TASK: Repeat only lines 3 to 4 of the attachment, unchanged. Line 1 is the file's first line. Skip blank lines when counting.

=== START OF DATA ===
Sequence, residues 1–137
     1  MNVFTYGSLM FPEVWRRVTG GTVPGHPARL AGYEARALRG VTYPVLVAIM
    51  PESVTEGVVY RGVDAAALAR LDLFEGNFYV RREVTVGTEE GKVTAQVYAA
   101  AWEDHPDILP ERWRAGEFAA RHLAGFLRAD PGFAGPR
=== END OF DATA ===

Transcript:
    51  PESVTEGVVY RGVDAAALAR LDLFEGNFYV RREVTVGTEE GKVTAQVYAA
   101  AWEDHPDILP ERWRAGEFAA RHLAGFLRAD PGFAGPR